Digital still photography has leapt from digital cameras to be a premiere step-up feature for cellular phones, PDAs and camcorders. Sony's first mass market MiniDV camcorder to offer still image capture to its Memory Stick flash memory cards, the DCR-TRV22, rode a rising tide of consumer fascination with digital photography to land atop the NPD Group's dollar-sales-leader chart from June 2003 through May 2004.
"This camcorder was our first significant compact unit with still capture capability in our entry-level MiniDV offerings," said Linda Vuolo, director of camcorder products, Sony.
The unit snapped VGA-quality (640 by 480) photos that, while small next to the galloping megapixel standards inherited from the digital still camera market, resonated with video consumers interested in value-added features.
"The success of the TRV22 can be attributed mostly to its feature set," Vuolo noted.
The TRV22, which carried a suggested retail price of $699, featured an MPEG Movie EX mode, which allows users to capture MPEG1 format video directly to a Memory Stick to the capacity of the card. It also included several of Sony's proprietary video features, including Super SteadyShot image stabilization, analog-to-digital conversion, Super NightShot infrared shooting, and an InfoLithium battery with the AccuPower Meter System, which displays remaining battery life in minutes.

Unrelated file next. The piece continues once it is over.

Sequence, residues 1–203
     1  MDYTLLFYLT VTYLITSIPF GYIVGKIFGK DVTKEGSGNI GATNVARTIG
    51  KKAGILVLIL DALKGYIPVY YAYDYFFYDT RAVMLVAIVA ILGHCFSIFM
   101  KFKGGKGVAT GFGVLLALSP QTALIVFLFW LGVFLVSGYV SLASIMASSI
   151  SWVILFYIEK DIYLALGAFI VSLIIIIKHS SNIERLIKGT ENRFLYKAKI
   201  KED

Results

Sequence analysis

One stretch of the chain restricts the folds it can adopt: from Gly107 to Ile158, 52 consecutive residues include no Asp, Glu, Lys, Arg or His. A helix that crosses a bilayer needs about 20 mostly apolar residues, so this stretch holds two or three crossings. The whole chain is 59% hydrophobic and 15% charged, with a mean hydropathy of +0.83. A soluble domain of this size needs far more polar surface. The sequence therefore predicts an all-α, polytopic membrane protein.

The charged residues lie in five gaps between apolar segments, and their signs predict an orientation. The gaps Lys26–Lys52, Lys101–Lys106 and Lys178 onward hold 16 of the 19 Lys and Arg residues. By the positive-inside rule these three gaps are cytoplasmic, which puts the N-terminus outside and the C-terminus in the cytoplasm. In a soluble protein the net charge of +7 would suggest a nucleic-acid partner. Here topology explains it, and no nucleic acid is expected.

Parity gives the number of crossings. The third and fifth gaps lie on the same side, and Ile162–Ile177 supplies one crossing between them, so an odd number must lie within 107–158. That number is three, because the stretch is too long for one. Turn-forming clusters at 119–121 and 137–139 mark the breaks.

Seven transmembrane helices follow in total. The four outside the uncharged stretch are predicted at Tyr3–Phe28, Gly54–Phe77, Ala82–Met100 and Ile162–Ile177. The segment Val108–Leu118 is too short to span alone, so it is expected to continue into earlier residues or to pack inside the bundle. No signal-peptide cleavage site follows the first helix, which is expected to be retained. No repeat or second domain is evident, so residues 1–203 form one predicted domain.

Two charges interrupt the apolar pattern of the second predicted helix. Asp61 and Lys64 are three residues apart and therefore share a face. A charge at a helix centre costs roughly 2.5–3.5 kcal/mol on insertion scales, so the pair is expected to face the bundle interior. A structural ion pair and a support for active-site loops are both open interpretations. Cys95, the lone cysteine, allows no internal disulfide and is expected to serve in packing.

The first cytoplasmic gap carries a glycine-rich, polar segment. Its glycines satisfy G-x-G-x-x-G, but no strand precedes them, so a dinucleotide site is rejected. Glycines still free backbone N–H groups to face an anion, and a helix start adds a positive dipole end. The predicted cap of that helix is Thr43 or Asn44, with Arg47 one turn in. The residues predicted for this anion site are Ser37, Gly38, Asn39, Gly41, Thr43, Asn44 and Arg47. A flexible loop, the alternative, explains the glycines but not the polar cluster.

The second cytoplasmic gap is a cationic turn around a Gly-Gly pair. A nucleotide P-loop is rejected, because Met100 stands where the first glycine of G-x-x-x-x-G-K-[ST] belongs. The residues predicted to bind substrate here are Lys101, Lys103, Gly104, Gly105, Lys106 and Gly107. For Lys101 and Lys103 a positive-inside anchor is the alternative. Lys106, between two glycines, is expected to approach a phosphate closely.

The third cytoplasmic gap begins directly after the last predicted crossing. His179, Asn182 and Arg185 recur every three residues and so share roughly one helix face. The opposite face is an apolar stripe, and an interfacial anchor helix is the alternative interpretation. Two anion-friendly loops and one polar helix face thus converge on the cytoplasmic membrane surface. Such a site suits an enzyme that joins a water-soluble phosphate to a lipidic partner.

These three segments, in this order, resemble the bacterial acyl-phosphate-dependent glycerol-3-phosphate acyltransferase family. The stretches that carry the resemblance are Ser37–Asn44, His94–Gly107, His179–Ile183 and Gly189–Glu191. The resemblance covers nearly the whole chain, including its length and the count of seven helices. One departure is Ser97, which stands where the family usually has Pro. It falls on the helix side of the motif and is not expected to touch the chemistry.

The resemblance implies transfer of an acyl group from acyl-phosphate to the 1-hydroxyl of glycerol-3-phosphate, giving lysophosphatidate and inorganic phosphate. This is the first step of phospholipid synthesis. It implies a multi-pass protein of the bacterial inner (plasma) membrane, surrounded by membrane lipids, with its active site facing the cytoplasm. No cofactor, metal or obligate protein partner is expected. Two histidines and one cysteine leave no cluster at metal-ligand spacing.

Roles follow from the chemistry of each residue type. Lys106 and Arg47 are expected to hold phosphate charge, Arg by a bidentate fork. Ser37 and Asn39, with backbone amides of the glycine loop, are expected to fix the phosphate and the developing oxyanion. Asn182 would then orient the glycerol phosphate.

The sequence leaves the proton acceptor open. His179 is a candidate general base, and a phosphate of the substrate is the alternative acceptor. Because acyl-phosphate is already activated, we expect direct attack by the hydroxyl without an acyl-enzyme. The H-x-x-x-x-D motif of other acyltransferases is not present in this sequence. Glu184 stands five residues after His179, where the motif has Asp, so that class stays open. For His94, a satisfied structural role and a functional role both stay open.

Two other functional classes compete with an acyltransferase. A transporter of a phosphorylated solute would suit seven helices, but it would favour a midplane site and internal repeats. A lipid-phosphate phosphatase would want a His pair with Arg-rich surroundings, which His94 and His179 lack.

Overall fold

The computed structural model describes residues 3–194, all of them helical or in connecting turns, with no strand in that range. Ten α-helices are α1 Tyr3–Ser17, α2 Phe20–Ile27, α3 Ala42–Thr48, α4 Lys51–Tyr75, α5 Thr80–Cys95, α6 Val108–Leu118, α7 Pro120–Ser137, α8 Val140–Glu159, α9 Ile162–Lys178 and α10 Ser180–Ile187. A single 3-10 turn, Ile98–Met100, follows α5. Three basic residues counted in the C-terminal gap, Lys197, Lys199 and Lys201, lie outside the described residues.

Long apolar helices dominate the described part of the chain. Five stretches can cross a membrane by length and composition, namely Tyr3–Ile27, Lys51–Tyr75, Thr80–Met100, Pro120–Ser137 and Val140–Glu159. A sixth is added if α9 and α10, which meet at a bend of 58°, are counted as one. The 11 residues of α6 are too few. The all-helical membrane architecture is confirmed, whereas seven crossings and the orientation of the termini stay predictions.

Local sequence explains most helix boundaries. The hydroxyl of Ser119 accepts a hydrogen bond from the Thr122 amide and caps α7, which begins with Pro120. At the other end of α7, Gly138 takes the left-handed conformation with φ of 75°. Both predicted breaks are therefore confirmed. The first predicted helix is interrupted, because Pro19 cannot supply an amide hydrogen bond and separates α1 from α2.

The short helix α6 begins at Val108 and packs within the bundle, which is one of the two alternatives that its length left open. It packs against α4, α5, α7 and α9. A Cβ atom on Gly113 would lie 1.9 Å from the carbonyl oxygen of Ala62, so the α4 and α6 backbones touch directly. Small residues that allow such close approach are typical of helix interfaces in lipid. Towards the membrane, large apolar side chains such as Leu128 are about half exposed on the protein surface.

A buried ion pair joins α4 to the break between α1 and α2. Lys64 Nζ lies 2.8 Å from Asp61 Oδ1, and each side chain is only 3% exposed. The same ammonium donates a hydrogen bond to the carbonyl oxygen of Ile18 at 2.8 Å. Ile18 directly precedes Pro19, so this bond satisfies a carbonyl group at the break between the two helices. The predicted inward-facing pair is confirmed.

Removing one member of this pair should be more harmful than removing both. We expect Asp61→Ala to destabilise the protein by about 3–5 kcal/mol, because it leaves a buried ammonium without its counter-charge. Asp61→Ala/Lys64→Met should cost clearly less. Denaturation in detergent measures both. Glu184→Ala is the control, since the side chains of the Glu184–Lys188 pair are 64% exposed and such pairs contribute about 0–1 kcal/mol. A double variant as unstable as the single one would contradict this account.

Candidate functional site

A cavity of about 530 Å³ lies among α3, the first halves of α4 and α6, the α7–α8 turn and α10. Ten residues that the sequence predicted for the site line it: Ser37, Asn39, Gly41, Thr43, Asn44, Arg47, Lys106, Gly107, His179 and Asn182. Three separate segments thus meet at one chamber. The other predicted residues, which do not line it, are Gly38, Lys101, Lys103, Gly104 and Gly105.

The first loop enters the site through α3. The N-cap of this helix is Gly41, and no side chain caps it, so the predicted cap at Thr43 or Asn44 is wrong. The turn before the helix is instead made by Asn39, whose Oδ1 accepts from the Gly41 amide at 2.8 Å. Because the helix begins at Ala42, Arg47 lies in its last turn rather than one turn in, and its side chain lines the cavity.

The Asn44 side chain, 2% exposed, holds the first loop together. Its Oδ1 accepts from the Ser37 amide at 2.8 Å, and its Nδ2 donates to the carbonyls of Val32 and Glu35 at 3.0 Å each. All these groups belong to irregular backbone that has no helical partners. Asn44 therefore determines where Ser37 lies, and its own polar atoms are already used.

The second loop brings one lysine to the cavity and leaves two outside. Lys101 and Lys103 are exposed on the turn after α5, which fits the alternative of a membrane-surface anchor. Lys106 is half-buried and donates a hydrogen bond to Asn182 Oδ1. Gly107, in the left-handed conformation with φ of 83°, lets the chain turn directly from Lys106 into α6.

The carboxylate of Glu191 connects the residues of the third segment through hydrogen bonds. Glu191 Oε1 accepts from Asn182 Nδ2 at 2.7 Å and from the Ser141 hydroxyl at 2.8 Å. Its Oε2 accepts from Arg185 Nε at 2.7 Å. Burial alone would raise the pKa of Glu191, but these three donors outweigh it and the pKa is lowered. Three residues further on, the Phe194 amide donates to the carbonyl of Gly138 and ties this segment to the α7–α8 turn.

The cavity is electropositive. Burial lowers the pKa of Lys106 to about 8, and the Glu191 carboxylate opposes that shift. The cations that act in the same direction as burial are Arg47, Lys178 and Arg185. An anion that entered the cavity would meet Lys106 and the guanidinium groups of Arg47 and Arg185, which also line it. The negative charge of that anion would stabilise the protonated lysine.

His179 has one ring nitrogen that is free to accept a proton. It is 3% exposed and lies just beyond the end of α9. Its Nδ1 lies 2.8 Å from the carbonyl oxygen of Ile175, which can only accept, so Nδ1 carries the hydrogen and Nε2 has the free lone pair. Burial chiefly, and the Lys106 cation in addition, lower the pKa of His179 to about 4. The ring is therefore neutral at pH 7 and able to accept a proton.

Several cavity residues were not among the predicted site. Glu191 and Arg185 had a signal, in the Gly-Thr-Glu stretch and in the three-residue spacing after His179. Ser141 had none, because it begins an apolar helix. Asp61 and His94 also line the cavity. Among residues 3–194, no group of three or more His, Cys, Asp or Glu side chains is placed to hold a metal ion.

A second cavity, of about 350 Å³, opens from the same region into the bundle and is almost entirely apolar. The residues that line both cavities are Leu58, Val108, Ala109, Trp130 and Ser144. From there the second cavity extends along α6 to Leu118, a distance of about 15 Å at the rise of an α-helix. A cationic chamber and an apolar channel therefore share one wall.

Boosting the TRV22 was Sony's ability to pack the aforementioned features into a smaller and lighter form factor than its predecessors.
"The TRV22 was 28 percent smaller and 22 percent lighter compared to similar models from the prior year," Vuolo said.
Top 10 Camcorders
|Dollar sales at retail, June 2003 – May 2004|
|1. Sony DCRTRV22|
|2. Sony CCDTRV318|
|3. Sony DCRTRV350|
|4. Sony DCRTRV33|
|5. Sony DCRTRV250|
|6. Sony DCRTRV19|
|8. Canon ZR70MC|
|9. Sony DCRDVD300|
|10. Sony DCRTRV38|
|Source: The NPD Group
© TWICE 2004